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Starmont

Cafeteria coaches encourage Starmont Elementary students to try fruits and vegetables.

Standing: Sophomores Kylee Anfinson and Sarah Pech. Sitting: Payton Hutchinson, Nick Farmer, Bradley Willis, Olivia Willfong, Abby Grawe, and Alex Harmon.

Submitted by Laura Bilden, K-12 Instructional Coach and Julie Riechers, PK-5 Physical Education Teacher

Childhood obesity is a prevalent condition with serious health risks. According to the Centers for Disease Control and Prevention (2017), “One in five school-aged children (ages 6–19) are obese in the United States today.” School nutrition programs can influence the eating behaviors of many young people. Though schools alone cannot solve this epidemic, they play a critical role in shaping eating habits that follow children to adulthood.

Starmont Elementary School, of Arlington, IA, is among 20 schools participating in the Iowa Department of Education’s Team Nutrition Healthy Schools-Healthy Students Project. This initiative, funded by the United States Department of Agriculture, promotes healthy eating habits through school-based nutrition education, healthy school environments, and engagement of school staff,parents, and the community. Julie Riechers, Starmont’s PK-5 Physical Education Teacher, and Marsha Thomas, Starmont’s Food Service Director, began program implementation in the fall of

2017. Participating schools are categorized as project schools and control schools. Starmont Elementary, a project school, submits data to the University of Iowa who has partnered with Team Nutrition to evaluate program effectiveness.

As result of tight curriculums and pressure to perform on standardized tests, schools have deemphasized nutrition education. Nutrition units are often taught in isolation, over a period of several weeks, with few cross-curricular ties. The intent of this “one and done” approach is to cover nutrition concepts. Alternatively, the Healthy Schools Project aims to instill healthy eating habits that transfer to the home. Mrs. Riechers presents nutrition lessons which encompass math, science, and English language art standards throughout the year in fourth-grade classrooms. Food groups, serving sizes, and nutrition facts are the focus of instruction. Furthermore, students gain exposure to fruits and vegetables through tasting sessions and first through fifth graders receive monthly cafeteria coaching.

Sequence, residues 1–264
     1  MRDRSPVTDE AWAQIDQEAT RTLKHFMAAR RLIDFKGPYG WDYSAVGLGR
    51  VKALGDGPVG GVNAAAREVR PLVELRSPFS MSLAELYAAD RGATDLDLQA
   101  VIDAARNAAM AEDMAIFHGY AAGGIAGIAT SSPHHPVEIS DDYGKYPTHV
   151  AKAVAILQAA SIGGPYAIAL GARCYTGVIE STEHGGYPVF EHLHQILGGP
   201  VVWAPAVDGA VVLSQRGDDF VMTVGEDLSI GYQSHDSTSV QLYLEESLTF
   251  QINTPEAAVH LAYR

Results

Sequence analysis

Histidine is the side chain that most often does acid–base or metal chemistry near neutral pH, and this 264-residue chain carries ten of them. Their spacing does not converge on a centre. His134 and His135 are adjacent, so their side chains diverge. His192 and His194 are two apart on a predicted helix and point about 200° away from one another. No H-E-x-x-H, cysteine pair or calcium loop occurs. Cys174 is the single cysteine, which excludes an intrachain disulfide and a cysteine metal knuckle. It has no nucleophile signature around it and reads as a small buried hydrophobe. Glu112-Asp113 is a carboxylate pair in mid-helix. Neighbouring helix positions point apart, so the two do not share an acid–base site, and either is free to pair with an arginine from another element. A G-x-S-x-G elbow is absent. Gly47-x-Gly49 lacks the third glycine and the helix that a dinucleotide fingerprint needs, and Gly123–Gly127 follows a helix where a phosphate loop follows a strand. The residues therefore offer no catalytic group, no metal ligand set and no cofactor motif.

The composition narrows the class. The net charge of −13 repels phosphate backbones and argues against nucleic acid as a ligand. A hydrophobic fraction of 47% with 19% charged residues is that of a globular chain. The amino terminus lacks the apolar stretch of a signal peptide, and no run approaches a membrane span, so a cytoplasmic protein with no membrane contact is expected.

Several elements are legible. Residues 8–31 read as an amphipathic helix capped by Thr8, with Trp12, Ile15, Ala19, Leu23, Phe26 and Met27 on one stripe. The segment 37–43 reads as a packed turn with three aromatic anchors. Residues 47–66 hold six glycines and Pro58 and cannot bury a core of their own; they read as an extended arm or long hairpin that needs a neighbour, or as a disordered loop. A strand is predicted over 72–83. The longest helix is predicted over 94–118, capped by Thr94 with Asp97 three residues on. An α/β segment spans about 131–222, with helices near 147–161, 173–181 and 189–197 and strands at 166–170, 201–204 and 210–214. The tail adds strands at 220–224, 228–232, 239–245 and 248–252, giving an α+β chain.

See HEALTHY, Page 2

A moment of insight, expressed by Riechers’s fourth graders, followed a lesson involving portions. Students were surprised by how small the serving size of protein compares to other food groups. These moments of new understanding are critical for young people developing lifelong eating habits. Overeating, or under consuming specific food groups can lead to obesity and health problems.

The CDC reports that children in the U.S. are not eating enough fruits and vegetables. Children need adequate amounts of these nutrients to grow, develop, and reduce the risk of many chronic diseases. Obese children are at a higher risk of developing asthma, type 2 diabetes, heart disease, depression, adult obesity, cancer, and more (Healthy Schools: Childhood Obesity Facts, 2017).

The Healthy Schools Project promotes fruits and vegetables through sampling sessions and peer role modeling. Students learn nutrition facts and are encouraged to try varieties of produce. This year fourth graders sampled pomegranates, cherry tomatoes, tangelos, spinach, and jicama. Riechers was surprised by how well the students received the jicama; a vegetable none of them had tried before. Additionally, Riechers partners with FFA students in the delivery of cafeteria lessons for first through fifth-grades. FFA students present nutrition facts through displays and encourage students to try produce during lunch.

Although schools are positioned to reach many young people, family and community engagement are needed to instill healthy eating habits. Riechers includes summaries of nutrition lessons in the school’s newsletter to inform parents of the concepts their children are learning. More efforts to increase community engagement are being explored.

Childhood obesity presents a significant risk to the health of our future generations. Though not the final solution, educating young people on the benefits of eating a balanced diet is a sensible approach to fostering a healthier population. School prevention programs, with the support of families, communities, and other societal sectors, can promote awareness of nutrition concepts that go beyond the lunchroom.